Having crossed the north of Iceland fairly quickly, we found ourselves in the west earlier than expected on day 6. In the west we had a decision to make, did we stay in the ‘normal west’ near Kirkjufell, or did we continue up towards the Westfijords and Hornstrandir? Although the latter option would have been our preferred itinerary, we decided that we simply didn’t have enough time. What’s more, we also found out that the ferry to Hornstrandir was quite expensive, and 24-hours up there would not have justified the cost. We will just have to go back another time!
Day 6 Blönduós to somewhere on road 54
Hvitserkur rock formation
Waking up in our little forest-style picnic area on the side of the road, we headed up the 711 towards Hvitserkur where there is a rock formation in the sea. From here, we decided to carry on around the coast where you can often see seals. Unfortunately we did not see any but had some lovely views and even saw what seemed to be wild horses along the road.
Wild horses in Iceland
After deciding that we wouldn’t have time for the Westfijords and Hornstrandir, we took what felt like the longest gravel road on earth to Stykkishólmur. Here, you can climb the hill to get a nice view of the town and its cute little houses, as well as some good photos of the sea and surrounding islands. By this point we had also made coffee stops an almost compulsory part of our day, so we went to the bakery on the way into the town and shared a couple of pastries too.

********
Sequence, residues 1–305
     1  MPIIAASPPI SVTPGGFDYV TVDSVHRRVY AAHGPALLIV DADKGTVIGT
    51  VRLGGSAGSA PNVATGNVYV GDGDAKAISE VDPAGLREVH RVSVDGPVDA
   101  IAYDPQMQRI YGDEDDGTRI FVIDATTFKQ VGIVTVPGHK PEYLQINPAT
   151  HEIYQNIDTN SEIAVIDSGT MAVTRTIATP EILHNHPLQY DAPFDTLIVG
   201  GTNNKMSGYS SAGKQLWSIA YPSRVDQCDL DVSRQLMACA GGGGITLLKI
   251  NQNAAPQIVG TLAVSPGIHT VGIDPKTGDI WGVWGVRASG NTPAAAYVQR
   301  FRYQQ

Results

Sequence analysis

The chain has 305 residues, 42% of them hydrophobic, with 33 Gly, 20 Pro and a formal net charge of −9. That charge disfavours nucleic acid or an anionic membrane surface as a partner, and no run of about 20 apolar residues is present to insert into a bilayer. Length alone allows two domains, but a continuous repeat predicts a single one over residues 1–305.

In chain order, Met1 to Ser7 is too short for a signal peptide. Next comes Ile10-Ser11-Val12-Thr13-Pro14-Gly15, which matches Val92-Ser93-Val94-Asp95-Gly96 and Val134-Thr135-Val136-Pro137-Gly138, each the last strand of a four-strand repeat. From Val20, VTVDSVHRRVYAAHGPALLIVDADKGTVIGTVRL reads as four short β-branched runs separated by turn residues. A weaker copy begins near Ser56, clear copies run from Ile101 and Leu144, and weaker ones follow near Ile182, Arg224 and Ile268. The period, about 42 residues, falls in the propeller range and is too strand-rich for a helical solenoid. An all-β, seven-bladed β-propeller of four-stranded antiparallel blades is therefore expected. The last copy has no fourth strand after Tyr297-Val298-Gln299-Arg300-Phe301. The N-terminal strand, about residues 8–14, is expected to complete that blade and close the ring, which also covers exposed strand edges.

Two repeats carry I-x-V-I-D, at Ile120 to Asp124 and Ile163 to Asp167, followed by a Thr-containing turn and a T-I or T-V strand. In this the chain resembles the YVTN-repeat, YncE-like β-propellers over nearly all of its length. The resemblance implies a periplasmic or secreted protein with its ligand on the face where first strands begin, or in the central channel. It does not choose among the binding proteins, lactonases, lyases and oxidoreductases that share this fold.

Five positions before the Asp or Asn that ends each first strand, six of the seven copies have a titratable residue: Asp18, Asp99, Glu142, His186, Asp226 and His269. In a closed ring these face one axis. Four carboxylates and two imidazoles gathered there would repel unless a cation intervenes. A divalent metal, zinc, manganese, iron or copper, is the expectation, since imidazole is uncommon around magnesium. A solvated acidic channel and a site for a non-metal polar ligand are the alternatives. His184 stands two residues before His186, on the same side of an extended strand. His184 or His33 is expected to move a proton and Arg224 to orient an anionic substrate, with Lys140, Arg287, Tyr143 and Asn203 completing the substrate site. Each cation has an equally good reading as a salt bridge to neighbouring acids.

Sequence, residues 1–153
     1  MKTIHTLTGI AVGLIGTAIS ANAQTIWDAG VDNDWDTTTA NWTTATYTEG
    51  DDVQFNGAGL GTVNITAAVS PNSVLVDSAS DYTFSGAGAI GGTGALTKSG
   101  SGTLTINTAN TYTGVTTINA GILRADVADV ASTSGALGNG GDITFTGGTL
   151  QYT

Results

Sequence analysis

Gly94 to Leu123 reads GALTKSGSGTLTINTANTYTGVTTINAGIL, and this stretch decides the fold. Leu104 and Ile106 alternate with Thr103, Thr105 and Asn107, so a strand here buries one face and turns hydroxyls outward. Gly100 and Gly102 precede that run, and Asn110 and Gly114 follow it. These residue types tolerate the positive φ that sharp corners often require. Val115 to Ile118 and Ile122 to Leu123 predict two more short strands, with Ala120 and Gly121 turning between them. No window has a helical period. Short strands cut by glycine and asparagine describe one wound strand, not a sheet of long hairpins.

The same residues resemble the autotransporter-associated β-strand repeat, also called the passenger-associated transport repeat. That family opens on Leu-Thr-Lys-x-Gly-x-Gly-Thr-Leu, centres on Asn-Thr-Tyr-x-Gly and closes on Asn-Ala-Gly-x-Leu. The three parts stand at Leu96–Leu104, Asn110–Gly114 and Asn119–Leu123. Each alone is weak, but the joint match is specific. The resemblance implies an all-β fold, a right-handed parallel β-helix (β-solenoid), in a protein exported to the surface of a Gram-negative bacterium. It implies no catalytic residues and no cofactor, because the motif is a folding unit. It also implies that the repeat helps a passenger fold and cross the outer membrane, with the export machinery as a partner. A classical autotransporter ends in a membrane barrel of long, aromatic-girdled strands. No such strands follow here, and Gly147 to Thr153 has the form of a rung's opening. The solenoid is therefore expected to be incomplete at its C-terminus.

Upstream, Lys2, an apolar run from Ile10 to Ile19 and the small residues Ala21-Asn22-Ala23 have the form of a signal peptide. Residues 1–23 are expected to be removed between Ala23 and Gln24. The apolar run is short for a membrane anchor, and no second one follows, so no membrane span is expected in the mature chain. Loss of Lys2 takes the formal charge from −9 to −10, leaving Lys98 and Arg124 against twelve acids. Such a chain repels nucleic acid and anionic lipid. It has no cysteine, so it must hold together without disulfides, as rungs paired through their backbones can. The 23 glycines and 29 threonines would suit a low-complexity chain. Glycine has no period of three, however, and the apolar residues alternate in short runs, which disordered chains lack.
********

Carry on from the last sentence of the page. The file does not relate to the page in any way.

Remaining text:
View of Stykkishólmur
Further along the road (which was paved now!), you can find Kirkjufell which is the most photographed mountain in Iceland. We were also keen to get some good photos here, but the heavens just opened and the rain kept pouring down. We waited for the rain to subside a bit in the car, yet it felt like it was never going to happen. Braving it, we ventured out and just tried to get the best photos possible, which wasn’t exactly easy with our fingers freezing and the wind almost blowing us away!
Kirkjufell mountain and waterfall
We started to look for somewhere to sleep around Ólafsvik, but the surrounding terrain was lava fields again, making it impossible. As we continued to the national park around Snaefellsjökull, we spotted a few possibilities but the fact that it is illegal to camp in national parks in Iceland put us off a bit, plus the wind coming in from the coast was going to make it a very uncomfortable evening.
We continued along the road again until we spotted a hamlet on the left with a cute church and a farm. There was lots of flat grass surrounding the church so we knocked on the farmhouse to see if it was ok to camp there. Unfortunately there was no answer and it looked like the house was uninhabited. At this point it was also getting very dark so decided to pitch our tents as discreetly as possible and leave early so as to not disrupt anyone.
Day 7 Road 54 to Laugarvatn
- Landbrotalaug hot spring
Failing to see the Northern Lights yet again the night before, we started the day at Landbrotalaug hot spring and what felt like one of Iceland’s best-kept secrets. There were only 2 other people at the spring when we arrived, but the pool is very small so we left them to it and waited our turn. It should be noted that there are 2 pools at Landbrotalaug. The second one is the one with the tap running into it, but as it had rained so much the night before, access was difficult because the surrounding pools had filled overnight.
Landbrotalaug hot spring
We really liked this hot spring because the views were just fantastic! However, at 44 degrees it as extremely hot and after just 10 minutes inside we felt a little dizzy! Please be careful because unsurprisingly, there isn’t exactly a lifeguard to come to your rescue.